Monday, February 21, 2011

Without Regret or Shame

I feel a twinge of sadness, perhaps on some level even a sense of abandonment, when I encounter people who once described themselves as liberal/progressive, but now see themselves as politically conservative. Surely, I recognize that people change, and I respect political differences that are expressed respectfully, whether from left or right. I feel a particular sadness and hurt when people explain a conservative conversion as coming from wisdom acquired with age. While thought and opinion come to be shaped in many ways through the experience of living, there is special beauty in the discovery of new-found depth along paths that began in younger years. The deepening of faith and belief in the possibility of social change for the sake of greater justice and peace should be a source of pride. These thoughts came to me during the past week as I reflected on a group letter from a friend. He spoke of the gradual process of his own transition from liberal to conservative, for lack of better terms. I was particularly struck by his expression of regret for much that he had done during the years of the Vietnam war, from the chanting of mindless slogans to the hurling of expletives at returning soldiers.

As I continue coming back to re-read my friend’s letter, I have thought about his sense of regret, which I have heard others express as shame, as a catalyst for later rejection of an earlier liberalism. I have thought about the fairly constant thread in my own social and political outlook, as it weaves through my life from earliest years. There are certainly things that I have done and words that I have spoken in various facets of my life, for which I have regret, even shame. Through the process of t’shuvah/turning, returning, I have sought repair, even as God and the inner voice of our souls calls us to do all along the path of our lives. In regard to those years of the Vietnam War, however, I have no regrets and certainly no shame in regard to my own behavior as an activist. I was on the executive of the SDS chapter (Students for a Democratic Society) at my college, but when SDS turned toward violence through the faction known as the “Weathermen,” I left. I reached out to soldiers and others who disagreed with me. I spoke with police to explain the purpose of a sit-in as part of its organizing process. For me, the nascent buds of pacifism grew hand in hand with an embrace of Torah as a life path.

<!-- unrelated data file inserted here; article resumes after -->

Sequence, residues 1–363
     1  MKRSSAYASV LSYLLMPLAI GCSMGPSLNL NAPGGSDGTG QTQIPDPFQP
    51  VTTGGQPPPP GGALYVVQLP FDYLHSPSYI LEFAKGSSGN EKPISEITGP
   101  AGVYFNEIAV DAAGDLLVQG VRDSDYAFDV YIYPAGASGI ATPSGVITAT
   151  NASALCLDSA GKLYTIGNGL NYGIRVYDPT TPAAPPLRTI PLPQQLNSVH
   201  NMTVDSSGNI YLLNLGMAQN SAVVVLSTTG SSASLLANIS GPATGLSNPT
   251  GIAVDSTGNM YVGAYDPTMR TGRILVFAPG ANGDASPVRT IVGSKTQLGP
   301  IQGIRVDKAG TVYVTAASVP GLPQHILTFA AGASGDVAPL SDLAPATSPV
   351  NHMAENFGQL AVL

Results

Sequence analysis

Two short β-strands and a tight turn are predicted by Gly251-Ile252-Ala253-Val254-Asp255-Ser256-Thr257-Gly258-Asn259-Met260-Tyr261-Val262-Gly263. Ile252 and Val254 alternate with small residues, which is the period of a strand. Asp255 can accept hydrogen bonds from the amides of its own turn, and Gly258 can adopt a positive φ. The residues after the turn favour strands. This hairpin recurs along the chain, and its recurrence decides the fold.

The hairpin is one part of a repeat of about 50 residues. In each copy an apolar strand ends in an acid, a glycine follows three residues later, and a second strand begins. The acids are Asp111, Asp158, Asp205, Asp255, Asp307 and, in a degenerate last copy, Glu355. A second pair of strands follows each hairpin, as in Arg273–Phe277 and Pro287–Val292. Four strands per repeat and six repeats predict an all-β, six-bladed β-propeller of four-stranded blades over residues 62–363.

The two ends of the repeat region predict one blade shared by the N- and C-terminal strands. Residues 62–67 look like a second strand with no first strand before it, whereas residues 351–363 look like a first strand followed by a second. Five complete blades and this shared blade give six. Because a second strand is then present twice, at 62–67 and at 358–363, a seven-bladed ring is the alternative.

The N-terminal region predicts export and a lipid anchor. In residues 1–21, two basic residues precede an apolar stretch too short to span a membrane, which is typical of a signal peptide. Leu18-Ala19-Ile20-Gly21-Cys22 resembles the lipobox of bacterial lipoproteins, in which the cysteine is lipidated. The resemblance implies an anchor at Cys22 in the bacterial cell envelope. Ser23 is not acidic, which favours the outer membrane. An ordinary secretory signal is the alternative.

In a verse that I have often lingered over in the Torah portion called Yitro/Jethro (Ex. 18:1-20:23), I found in the cycle of this year’s reading a framework for the thoughts that swirled in response to my friend’s letter. Seeing how hard he is working, Moses’ father-in-law, Jethro, advises him to decentralize, to appoint judges who will decide cases in Moses’ stead, teaching the laws of life and helping people to resolve conflict. Jethro tells Moses that if he does this, you will be able to endure, and all this people too, each one of them will come to their place in peace/al m’komo yavo v’shalom. There is a special poignance in the last phrase of these words to Moses. They are said at the graveside during a Jewish funeral as the coffin is lowered into the ground, al m’komo yavo/tavo v’shalom/may she come to her place in peace. Even as we linger at that wrenching moment, so I tend to linger over these words of Jethro, coming this year to new understanding.

The verse does not say el m’komo/to one’s place, but rather al m’komo/concerning one’s place. In every place we are, we should be there in peace. Al m’komo concerns behavior more than direction. It is about how we relate to each other as people, those with whom we agree and those with whom we disagree, and about our ability to see the common humanity that is shared by all. Concerning each moment and place in which we dwell, we should be there in a peaceful way. In the end of our days, at the harvest of our years, our portion shall be one of peace if that is how we have lived. Seeking peace and pursuing peace in all parts of our lives and in every place and stage we come to, we are guided toward each new place without regret or shame. It is true in all facets of our lives, the political and the personal.

Rabbi Victor H. Reinstein

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